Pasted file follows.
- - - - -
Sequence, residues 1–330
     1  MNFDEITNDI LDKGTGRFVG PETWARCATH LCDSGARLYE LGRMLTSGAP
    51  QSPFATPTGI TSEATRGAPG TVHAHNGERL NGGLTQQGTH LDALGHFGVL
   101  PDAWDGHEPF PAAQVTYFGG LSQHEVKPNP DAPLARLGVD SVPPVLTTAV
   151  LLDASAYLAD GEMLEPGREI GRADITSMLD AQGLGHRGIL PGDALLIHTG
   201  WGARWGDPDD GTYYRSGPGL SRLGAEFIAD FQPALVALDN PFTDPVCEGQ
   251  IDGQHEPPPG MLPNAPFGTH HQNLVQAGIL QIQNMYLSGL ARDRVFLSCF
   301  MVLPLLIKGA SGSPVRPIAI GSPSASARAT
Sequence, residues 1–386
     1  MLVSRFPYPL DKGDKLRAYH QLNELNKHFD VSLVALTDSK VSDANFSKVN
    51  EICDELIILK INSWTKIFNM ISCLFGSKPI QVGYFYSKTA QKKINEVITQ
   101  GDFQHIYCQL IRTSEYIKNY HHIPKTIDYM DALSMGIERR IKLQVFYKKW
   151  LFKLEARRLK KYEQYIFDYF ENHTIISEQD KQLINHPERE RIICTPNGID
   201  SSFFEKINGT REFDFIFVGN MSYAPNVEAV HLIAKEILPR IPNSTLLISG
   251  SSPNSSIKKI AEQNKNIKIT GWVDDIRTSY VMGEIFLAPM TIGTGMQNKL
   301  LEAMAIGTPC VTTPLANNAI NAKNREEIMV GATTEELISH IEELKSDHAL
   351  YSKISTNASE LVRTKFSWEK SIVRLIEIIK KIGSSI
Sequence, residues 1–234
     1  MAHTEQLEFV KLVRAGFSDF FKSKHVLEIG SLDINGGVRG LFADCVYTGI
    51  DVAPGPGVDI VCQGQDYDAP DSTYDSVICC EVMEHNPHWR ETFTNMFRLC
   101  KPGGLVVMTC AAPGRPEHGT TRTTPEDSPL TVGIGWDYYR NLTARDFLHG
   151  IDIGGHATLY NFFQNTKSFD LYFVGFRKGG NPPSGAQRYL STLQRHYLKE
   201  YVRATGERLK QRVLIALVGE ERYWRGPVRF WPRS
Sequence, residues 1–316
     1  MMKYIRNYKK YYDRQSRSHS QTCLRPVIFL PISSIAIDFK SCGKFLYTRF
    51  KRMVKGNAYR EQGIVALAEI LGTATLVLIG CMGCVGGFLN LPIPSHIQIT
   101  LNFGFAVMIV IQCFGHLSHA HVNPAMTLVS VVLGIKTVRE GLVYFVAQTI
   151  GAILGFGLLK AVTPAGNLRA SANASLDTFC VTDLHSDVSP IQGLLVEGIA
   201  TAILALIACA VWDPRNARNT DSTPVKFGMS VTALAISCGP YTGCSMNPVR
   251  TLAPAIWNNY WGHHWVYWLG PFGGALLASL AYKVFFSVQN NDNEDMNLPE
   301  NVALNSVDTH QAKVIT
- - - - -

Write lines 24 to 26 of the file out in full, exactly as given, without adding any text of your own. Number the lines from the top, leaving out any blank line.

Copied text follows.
Sequence, residues 1–316
     1  MMKYIRNYKK YYDRQSRSHS QTCLRPVIFL PISSIAIDFK SCGKFLYTRF
    51  KRMVKGNAYR EQGIVALAEI LGTATLVLIG CMGCVGGFLN LPIPSHIQIT